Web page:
Soil aggregate stability in different soil orders quantified by low dispersive ultrasonic energy levels

Taru Lehtinen, Georg J. Lair, Axel Mentler, Gurún Gísladóttir, Kristín Vala Ragnarsdóttir, Winfried E.H. Blum

Research output: Contribution to journalArticlepeer-review

Abstract

Ultrasonic dispersion of soil aggregates in water-based solutions is commonly used in soil science, because it is possible to quantify the amount of energy applied to the solutions. However, currently available instrumentation does not provide precisely controlled low ultrasonic energy; thus, the study of weakly aggregated soils is still a challenge. The aim of this study was to apply amplitude controlled, low energy ultrasonic dispersion to study macroaggregate breakdown in soil orders with wide range of stabilities and formed on diverse parent materials: alluvial calcareous sediments (Entisol), volcanic ash and basalt (Andisol), serpentinite (Alfisol), schist (Ultisol), and granite (Inceptisol). Aggregates were exposed to increasing ultrasonic energy levels in six steps from 0 to 40 J mL-1, and the resulting macroand microaggregate masses were measured. Subsequently, the aggregate distribution was correlated with various physicochemical properties of the 250- to 1000-μm macroaggregates. The study showed that aggregate breakdown at low energy levels was greatest in the Andisol and the Entisol, followed by the Alfisol, Ultisol, and Inceptisol. Stability of macroaggregates was influenced by particle-size distribution, the amounts of exchangeable Mn (influenced mean weight diameter [MWD] positively) and exchangeable Mg (influenced MWD negatively). In contrast, stable microaggregates in the range of 63- to 250-μm were positively correlated with oxalate extractable Fe and Al as well as with soil organic matter (SOM) content. The results demonstrate that aggregate breakdown is strongly depending on the amount of energy applied, as well as of soil properties, which influence defined aggregate-size classes differently. © Soil Science Society of America.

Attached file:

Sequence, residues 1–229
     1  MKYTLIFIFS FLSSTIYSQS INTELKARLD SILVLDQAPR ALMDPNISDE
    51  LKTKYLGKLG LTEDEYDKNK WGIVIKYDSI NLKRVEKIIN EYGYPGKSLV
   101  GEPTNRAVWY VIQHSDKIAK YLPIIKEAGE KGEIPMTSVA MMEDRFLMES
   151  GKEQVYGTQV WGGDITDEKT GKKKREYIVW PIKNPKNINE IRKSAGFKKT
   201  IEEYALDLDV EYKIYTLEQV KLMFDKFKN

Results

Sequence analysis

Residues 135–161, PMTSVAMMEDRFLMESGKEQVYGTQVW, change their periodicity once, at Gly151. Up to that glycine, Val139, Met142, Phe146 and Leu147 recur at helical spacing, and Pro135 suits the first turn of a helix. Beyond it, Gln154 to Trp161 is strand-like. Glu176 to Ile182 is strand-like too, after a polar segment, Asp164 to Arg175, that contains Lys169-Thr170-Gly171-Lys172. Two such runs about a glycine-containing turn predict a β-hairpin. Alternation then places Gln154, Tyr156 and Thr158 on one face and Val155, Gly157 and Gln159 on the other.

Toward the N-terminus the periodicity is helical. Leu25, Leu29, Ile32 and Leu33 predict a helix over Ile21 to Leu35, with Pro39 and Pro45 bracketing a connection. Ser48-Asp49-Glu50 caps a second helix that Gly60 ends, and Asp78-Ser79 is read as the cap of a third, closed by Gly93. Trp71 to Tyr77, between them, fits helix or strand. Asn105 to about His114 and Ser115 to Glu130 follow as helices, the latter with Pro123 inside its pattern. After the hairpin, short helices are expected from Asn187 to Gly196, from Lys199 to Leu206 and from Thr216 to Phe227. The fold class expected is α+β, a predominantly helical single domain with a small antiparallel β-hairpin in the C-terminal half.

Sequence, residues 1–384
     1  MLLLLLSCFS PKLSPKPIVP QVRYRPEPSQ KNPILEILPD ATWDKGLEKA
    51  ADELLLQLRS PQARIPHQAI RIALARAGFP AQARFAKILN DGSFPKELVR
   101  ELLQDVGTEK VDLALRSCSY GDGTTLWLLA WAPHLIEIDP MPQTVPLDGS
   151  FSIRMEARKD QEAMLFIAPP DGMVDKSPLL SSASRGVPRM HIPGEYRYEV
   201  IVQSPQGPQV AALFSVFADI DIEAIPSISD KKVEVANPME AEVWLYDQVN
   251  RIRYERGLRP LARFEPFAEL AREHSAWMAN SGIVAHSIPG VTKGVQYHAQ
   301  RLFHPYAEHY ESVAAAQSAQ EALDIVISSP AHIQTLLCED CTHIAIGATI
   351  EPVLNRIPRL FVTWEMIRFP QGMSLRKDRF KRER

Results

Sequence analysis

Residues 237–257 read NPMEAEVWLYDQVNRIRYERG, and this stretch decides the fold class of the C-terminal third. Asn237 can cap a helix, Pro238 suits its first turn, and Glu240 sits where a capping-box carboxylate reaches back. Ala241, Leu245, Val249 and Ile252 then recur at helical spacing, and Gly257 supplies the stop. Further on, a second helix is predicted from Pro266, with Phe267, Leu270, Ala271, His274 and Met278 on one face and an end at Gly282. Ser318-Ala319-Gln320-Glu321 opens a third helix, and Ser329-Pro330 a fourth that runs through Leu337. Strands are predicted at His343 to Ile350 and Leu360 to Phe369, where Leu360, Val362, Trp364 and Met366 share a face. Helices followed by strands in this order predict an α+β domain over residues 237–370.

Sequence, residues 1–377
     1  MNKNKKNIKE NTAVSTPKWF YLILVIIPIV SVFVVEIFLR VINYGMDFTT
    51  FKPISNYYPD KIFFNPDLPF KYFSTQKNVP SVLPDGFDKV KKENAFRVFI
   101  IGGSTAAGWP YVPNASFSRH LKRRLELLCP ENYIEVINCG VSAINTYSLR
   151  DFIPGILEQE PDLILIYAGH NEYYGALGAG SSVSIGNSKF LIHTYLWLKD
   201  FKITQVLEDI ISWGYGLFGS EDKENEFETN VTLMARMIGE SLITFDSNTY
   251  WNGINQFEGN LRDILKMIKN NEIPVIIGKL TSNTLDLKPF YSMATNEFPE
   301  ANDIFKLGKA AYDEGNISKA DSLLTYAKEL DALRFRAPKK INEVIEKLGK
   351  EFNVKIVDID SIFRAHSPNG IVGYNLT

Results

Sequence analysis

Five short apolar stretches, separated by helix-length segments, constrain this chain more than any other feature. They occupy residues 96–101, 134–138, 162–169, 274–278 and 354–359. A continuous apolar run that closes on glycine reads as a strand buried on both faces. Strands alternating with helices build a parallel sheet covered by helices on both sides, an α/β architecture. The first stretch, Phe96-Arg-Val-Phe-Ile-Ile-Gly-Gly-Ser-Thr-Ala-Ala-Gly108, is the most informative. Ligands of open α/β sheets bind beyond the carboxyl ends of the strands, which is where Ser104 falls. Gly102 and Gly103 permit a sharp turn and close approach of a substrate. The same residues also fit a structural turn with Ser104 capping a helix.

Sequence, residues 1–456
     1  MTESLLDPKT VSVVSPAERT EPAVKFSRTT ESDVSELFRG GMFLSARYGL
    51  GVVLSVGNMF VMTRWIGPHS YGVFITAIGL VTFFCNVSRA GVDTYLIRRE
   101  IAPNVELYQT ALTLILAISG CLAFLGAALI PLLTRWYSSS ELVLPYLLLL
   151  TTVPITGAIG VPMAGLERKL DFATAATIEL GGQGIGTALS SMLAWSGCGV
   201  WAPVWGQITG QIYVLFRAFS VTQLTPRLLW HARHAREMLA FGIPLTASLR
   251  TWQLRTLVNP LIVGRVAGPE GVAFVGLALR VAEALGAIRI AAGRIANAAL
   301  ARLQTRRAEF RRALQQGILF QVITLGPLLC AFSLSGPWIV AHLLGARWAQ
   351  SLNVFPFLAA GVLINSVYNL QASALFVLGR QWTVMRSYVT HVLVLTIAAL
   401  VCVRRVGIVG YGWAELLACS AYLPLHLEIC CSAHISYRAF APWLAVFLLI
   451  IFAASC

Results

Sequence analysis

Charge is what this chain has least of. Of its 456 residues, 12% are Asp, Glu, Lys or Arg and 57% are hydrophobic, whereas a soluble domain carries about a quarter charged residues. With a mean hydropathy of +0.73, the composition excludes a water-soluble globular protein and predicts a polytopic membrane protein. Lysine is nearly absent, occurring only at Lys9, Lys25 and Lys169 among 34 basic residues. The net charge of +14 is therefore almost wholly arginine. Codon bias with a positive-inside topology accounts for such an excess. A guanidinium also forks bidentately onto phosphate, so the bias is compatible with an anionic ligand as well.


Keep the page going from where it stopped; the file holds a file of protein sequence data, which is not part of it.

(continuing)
Original languageEnglish
Pages (from-to)713-723
Number of pages11
JournalSoil Science Society of America Journal
Volume78
Issue number3
DOIs
Publication statusPublished - 1 Jan 2014

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